Four astronauts onboard the International Space Station prepared their SpaceX Crew Dragon capsule on a fiery dive to a pre-dawn splashdown in the Gulf of Mexico Sunday. They are expected to bring SpaceX's groundbreaking touch-screen ferry ship's first operating flight to an end.
Space.com said Crew-1 commander Michael Hopkins, NASA astronauts Victor Glover and Shannon Walker, and Japanese astronaut Soichi Noguchi decided to undock from the forward Harmony module's space-facing terminal 8:35 p.m. EDT Saturday. They are splashing down in the Gulf south of Panama City, Florida, at around 2:57 a.m. Sunday.
The Group Dragon's return to Earth would be just the second piloted water landing in NASA's commercial crew program since SpaceX started launching astronauts last year. It's just the third night splashdown in space history and the first in nearly 45 years.
NASA is optimistic that the astronauts can be recovered without incident because SpaceX has experience returning and retrieving capsules at night. SpaceX has conducted countless dress rehearsals and invested a significant amount of time performing overnight recoveries, according to NASA spokesman Rob Navias.
When asked why the crew doesn't actually return when the sun rises, SlashGear claims that the time slot offers the best temperature.
Crew Dragon's Return A Record-Breaking Rotation
The return of the Crew Dragon would conclude a record-breaking crew rotation that required two launches and two landings with four separate spacecraft in just three weeks. The purpose is only to replace the entire seven-member crew of the International Space Station.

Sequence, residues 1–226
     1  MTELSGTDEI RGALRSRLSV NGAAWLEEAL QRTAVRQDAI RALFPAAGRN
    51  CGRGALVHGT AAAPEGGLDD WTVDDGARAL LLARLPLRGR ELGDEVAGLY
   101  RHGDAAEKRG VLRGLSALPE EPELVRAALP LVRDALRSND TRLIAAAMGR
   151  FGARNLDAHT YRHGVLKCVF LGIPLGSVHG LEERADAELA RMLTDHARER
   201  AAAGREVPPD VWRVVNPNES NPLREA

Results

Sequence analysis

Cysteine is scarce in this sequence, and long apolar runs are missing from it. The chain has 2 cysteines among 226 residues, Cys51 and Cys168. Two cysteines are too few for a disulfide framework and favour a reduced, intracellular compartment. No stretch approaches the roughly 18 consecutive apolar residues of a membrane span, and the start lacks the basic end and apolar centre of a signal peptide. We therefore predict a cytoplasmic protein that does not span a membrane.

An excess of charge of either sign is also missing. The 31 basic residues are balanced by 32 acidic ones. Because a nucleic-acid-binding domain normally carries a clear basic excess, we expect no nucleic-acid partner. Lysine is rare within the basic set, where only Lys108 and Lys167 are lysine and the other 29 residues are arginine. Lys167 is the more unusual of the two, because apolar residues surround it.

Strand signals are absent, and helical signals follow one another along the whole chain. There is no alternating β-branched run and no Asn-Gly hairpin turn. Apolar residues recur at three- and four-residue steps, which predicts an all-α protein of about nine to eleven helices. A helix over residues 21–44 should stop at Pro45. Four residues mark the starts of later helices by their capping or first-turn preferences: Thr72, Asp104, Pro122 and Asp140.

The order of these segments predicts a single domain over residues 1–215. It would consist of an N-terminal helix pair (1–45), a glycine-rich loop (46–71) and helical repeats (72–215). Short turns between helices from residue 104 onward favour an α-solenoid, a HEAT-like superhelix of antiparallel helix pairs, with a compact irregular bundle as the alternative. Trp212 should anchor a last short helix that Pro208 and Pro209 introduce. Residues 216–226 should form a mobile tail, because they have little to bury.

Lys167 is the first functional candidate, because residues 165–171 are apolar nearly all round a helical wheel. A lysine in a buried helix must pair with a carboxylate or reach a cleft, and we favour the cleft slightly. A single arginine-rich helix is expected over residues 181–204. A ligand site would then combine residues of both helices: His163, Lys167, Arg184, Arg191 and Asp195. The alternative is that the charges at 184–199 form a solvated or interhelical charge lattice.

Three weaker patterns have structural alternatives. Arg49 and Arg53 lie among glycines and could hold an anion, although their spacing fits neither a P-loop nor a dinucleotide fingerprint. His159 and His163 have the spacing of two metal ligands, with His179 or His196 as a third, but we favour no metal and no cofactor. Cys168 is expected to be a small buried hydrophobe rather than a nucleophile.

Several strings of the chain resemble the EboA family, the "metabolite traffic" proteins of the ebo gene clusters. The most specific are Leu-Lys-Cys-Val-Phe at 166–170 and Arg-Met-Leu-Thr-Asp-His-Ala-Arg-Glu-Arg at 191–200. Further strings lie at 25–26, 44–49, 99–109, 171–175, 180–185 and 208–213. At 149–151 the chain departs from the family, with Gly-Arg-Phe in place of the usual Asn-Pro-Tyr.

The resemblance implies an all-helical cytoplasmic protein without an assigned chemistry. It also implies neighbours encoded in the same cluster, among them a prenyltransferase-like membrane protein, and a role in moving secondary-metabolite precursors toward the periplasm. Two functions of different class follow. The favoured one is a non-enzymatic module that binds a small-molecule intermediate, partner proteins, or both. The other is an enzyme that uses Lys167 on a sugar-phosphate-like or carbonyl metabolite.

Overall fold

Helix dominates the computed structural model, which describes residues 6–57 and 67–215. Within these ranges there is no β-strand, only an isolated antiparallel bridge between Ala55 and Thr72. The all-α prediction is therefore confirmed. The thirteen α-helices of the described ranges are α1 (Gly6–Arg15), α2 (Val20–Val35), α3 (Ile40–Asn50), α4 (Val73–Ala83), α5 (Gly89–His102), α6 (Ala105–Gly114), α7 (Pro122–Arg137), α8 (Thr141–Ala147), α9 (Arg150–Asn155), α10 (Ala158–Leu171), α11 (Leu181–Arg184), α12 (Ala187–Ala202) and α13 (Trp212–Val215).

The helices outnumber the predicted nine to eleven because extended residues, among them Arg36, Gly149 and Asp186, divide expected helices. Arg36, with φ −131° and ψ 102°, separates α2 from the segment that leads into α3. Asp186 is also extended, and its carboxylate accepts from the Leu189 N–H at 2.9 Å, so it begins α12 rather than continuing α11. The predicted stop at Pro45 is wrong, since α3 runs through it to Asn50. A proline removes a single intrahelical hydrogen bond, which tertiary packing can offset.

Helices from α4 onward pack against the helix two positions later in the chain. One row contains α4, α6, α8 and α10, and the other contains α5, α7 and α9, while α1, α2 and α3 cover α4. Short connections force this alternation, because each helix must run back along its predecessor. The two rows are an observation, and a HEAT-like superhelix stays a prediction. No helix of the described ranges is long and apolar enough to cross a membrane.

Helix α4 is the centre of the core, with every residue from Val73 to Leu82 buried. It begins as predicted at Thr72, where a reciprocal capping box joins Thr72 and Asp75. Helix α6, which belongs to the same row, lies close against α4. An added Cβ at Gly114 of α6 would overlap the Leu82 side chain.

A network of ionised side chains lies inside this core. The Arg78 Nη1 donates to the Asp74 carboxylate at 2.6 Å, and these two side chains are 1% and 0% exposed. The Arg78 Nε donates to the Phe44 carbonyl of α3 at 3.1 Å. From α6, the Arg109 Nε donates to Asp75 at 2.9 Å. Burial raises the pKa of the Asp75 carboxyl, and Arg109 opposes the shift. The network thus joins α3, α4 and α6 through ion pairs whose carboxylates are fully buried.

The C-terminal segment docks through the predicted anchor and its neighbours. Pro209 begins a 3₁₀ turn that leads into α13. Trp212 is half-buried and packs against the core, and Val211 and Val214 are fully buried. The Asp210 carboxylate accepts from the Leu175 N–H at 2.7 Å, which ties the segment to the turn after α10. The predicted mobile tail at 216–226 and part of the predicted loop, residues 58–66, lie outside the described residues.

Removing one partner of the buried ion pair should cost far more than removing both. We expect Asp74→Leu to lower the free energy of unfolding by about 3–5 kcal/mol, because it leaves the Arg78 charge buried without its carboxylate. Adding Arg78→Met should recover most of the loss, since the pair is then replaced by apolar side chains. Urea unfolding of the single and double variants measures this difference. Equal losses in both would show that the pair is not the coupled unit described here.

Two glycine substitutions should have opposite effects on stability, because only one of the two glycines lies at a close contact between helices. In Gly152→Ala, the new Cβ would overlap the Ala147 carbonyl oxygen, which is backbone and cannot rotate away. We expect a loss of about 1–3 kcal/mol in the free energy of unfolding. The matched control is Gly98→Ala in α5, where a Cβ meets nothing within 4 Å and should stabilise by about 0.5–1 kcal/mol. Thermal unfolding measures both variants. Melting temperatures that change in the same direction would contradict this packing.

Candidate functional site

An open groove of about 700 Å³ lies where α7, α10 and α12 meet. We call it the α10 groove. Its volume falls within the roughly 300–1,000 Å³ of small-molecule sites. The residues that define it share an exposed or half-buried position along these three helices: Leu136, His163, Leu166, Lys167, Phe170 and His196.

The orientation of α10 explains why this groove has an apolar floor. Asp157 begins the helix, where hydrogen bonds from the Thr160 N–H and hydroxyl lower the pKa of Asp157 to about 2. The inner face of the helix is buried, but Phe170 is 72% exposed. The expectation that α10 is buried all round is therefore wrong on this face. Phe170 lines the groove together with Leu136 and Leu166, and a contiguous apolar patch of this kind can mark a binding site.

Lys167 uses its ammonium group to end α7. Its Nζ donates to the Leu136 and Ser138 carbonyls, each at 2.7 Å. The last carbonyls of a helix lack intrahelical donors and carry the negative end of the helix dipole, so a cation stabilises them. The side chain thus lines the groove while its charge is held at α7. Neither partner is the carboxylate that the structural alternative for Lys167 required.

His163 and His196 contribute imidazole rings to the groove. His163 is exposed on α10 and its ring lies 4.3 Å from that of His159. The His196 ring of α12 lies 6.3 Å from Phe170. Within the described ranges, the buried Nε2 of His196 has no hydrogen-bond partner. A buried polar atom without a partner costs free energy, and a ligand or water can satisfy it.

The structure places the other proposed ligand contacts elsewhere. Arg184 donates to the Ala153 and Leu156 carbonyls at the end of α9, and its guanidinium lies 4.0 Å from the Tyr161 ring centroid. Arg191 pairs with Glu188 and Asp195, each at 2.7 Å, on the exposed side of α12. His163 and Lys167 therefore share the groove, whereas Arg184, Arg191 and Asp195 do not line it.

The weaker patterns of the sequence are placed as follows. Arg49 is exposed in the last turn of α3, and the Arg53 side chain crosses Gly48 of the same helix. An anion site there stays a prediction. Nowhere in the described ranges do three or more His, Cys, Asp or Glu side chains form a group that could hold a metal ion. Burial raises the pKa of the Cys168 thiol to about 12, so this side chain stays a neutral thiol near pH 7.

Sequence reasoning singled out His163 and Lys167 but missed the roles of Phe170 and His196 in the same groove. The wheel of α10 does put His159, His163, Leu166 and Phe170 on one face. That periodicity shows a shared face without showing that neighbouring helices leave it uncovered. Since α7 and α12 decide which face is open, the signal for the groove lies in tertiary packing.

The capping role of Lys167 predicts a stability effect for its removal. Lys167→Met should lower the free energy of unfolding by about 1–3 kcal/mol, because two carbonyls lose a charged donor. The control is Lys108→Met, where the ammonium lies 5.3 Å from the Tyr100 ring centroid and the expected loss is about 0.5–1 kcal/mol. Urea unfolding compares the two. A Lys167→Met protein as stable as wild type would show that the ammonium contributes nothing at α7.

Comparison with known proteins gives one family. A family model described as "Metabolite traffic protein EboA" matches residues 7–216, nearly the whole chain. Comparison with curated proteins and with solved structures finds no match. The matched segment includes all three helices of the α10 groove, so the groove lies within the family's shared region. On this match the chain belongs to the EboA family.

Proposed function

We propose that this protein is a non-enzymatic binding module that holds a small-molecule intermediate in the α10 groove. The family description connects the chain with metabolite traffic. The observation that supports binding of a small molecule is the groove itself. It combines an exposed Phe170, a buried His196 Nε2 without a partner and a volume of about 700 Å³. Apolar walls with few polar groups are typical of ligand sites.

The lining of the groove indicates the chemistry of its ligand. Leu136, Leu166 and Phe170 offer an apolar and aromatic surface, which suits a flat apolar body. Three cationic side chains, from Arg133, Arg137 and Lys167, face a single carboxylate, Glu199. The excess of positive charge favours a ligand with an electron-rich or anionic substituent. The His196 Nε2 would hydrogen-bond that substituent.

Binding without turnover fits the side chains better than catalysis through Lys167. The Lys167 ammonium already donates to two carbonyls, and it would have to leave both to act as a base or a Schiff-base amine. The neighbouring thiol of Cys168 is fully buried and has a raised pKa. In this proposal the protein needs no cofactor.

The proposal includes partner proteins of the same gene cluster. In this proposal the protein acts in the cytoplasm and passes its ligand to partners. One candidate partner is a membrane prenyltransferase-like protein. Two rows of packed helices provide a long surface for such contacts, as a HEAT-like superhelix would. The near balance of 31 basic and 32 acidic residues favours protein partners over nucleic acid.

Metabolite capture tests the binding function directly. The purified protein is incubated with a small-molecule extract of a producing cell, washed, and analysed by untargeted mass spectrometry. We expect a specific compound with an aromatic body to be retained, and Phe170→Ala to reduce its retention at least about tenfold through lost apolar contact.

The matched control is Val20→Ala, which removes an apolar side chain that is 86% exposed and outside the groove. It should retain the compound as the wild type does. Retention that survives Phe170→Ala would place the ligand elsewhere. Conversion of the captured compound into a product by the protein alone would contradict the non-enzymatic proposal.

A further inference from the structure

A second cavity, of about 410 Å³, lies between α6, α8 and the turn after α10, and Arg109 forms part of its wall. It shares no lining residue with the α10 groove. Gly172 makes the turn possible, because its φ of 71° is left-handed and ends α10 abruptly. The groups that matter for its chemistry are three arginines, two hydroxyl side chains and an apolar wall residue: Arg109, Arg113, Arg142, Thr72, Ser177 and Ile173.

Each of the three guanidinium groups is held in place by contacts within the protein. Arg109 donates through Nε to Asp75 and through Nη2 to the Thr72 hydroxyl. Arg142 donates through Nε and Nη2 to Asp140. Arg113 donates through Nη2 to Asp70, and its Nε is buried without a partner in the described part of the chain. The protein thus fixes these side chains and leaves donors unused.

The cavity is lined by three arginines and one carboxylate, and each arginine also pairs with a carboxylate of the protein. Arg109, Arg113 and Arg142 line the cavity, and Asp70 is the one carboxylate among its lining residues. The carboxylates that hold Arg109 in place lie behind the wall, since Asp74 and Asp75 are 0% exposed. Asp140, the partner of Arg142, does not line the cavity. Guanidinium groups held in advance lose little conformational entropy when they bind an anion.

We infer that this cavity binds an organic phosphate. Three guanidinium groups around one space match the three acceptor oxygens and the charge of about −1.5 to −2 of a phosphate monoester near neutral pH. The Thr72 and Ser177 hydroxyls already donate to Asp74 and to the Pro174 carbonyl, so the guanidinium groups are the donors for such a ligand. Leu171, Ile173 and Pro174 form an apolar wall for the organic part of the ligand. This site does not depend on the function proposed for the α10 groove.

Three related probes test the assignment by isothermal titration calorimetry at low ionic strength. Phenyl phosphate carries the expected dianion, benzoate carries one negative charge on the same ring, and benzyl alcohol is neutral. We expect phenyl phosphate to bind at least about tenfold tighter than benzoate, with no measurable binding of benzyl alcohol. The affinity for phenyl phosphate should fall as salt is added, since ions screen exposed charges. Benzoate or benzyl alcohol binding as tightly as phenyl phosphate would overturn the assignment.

Science Times previously reported that a Russian Soyuz spacecraft carried Oleg Novitskiy, Pyotr Dubrov, and NASA astronaut Mark Vande Hei to the station. They replaced a Soyuz crew returned to Earth on April 17.
Crew-2 commander Shane Kimbrough, NASA astronaut Megan McArthur, European Space Agency astronaut Thomas Pesquet, and Japanese flier Akihiko Hoshide arrived at the station on April 24, Science Times also previously reported. The first stage of the Falcon 9 rocket that launched them the day before also assisted in the launch of Hopkins and his crew, replacing them on the station.
RELATED ARTICLE: FAA Gives SpaceX Go Signal to Launch 3 More Starship Prototypes
Hopkins, Glover, Walker, and Noguchi, arrived at the station on November 16 and helped Crew-2 astronauts settle in. They also decided to bid the station's seven crew members farewell Saturday evening, floating into their own Crew Dragon for undocking.
The ship's flight computer is designed to fire the ship's braking thrusters for around 16-and-a-half minutes, beginning at 2:03 a.m. Sunday after it has moved a safe distance away.
Rocket firing is designed to slow the Crew Dragon by just 258 mph or so, just enough to drop the far side of the orbit into the dense lower atmosphere on a path targeting the Gulf of Mexico landing zone. The Crew Dragon is traveling through space at more than 17,100 mph - more than 83 football fields per second - and the rocket firing is designed to slow it by just 258 mph or so, just enough to drop the far side of the orbit into the dense lower atmosphere on a path targeting the Gulf of Mexico landing zone.
NASA is expecting the Crew Dragon to crash into the visible atmosphere around 2:45 a.m., rapidly decelerating in a blaze of atmospheric friction protected by a high-tech heat shield.
The spacecraft's parachutes are to unfurl once it is out of the plasma heating zone, allowing the ship to settle to a relatively gentle impact in the Gulf.
A nighttime water landing also occurred in October 1976, when two cosmonauts in a Soviet-era Soyuz spacecraft were blown off course into a wide lake in Kazakhstan after an unplanned descent in blizzard-like conditions following a failed docking. The spacecraft was moved to shore and the cosmonauts were rescued after nine hours of work by recovery crews.
In December 1968, the crew of Apollo 8, returning from a Christmas trip around the moon, made a scheduled, uneventful pre-dawn landing in the Pacific Ocean.
How To Watch The Rare Splashdown Event
Undocking will be shown live on before splashdown and a press conference after the landing.
Check out more news and information on Space on Science Times.